Furthermore, our products are easy to deploy and use. With Keyfactor, our customers get one central platform to automate the lifecycle of every machine identity as we scale with their security needs. We also pay a great deal of attention to ensure our company is backed up by compliance standards that the industry knows and acknowledges as meaningful.
How do you envisage the cybersecurity landscape evolving in the years to come?
Cybersecurity is a huge landscape. However, there are a few trends that will continue to evolve over the next few years.
The first is how organizations proactively manage risk. This is essential to get ahead of the next breach or vulnerability. As the complexity of attacks continues to escalate, so does the complexity of determining risks. Organizations will need to begin to look at a combination of data to mitigate the impact of future attacks rather than just a single piece or source of data. To do this effectively, complete visibility into all elements associated with cyber risk will be required. This includes end users, devices, information flow, traffic patterns, and time and location details. With a complete and continuous inventory of all assets and associated data, organizations can then make risk determinations in real time to ensure protection. While this is no small task, enterprises need to think about what data is available and how it presents hidden risk elements to begin on this type of journey.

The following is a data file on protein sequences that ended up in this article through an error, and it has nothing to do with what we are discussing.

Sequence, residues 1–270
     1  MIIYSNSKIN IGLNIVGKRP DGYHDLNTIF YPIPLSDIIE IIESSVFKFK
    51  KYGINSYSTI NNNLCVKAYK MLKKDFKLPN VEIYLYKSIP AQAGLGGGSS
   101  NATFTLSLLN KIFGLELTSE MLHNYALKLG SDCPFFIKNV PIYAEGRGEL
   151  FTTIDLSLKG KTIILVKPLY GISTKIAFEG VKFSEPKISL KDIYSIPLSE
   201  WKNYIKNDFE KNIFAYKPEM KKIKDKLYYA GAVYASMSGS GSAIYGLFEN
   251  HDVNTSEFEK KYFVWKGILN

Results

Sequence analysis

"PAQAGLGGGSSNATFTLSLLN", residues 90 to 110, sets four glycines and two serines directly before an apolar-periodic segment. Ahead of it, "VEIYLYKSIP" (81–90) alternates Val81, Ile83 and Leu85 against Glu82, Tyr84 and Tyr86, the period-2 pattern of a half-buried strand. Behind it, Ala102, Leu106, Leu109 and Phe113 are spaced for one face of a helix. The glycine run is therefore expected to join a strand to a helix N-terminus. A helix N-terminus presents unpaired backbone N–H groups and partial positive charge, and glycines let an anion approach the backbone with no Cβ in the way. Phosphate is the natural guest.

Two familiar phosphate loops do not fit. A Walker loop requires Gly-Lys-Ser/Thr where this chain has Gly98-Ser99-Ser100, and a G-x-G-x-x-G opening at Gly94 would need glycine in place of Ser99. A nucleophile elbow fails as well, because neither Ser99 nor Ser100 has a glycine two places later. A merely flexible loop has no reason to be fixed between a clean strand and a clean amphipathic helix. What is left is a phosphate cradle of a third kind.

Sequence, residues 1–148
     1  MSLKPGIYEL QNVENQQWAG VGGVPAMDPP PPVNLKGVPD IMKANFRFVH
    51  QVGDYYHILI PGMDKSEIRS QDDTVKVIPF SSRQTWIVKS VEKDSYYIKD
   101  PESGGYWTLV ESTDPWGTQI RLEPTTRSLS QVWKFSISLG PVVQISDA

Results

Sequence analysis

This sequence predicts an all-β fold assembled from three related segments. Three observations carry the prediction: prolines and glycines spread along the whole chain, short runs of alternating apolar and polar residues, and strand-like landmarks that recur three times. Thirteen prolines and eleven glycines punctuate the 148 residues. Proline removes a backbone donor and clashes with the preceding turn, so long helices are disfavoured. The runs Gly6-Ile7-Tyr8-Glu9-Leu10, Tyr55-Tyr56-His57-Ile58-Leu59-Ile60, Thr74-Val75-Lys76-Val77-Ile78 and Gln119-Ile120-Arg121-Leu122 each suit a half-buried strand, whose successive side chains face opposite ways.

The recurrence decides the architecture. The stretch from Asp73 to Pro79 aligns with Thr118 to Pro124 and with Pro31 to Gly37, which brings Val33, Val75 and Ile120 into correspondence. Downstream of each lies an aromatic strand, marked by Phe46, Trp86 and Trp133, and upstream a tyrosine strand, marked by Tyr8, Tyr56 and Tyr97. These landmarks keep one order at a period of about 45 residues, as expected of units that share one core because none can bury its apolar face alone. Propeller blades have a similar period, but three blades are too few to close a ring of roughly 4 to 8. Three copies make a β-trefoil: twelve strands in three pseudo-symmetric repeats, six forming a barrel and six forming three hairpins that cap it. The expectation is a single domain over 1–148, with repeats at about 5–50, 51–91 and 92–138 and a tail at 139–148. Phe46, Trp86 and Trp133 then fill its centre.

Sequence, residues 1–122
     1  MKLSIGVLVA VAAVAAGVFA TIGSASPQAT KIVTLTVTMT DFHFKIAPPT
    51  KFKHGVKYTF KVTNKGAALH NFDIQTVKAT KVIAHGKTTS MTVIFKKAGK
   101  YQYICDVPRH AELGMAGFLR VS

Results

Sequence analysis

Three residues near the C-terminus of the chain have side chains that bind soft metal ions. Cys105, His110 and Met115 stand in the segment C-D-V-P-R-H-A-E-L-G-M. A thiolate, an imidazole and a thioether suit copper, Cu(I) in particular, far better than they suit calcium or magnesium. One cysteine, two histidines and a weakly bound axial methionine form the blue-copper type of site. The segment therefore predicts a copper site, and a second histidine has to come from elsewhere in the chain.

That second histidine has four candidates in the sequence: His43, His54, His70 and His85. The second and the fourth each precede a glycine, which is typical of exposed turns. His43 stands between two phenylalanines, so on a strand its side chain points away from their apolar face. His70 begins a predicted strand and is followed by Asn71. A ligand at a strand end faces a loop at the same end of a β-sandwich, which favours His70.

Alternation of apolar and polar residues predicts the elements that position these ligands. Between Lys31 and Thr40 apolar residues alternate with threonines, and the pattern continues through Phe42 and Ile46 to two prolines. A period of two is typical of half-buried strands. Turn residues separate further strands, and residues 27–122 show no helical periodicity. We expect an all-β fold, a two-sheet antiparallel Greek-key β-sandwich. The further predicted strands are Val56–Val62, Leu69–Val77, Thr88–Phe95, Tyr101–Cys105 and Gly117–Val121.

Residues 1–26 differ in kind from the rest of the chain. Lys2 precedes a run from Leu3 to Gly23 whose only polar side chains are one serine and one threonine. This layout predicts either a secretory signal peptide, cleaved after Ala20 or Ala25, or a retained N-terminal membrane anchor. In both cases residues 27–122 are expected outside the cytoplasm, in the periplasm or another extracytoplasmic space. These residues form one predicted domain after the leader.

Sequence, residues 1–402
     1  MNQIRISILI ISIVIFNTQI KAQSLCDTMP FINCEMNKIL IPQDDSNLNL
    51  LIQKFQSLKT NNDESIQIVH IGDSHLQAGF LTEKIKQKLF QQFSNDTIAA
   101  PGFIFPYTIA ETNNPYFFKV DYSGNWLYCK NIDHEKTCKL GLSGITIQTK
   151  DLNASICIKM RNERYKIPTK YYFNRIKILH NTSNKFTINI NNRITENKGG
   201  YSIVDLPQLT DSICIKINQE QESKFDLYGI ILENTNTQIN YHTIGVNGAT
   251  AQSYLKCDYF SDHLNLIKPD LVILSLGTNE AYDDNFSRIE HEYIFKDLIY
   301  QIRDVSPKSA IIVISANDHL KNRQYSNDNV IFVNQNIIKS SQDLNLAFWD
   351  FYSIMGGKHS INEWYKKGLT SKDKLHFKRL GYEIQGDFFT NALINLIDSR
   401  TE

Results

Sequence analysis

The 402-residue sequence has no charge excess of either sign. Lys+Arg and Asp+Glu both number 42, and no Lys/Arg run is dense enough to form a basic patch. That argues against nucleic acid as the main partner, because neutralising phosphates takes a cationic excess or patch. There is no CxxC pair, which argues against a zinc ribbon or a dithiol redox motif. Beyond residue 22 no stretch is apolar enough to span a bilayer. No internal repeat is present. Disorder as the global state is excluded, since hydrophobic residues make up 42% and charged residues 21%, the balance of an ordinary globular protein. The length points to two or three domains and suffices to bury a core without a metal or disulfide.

There will also be an increased drive towards automation in our networks. Human error is a leading cause of cybersecurity breaches. Automated device configuration allows organizations to ensure every device is trusted, compliant, and up-to-date while eliminating the mistakes that humans tend to make when configurating or updating devices. It also helps organizations respond more quickly when a risk is identified, as they know the end state the devices are in and can leverage automation across all devices to remediate any potential risks.
What three things would you advise business owners to do to optimize their cybersecurity?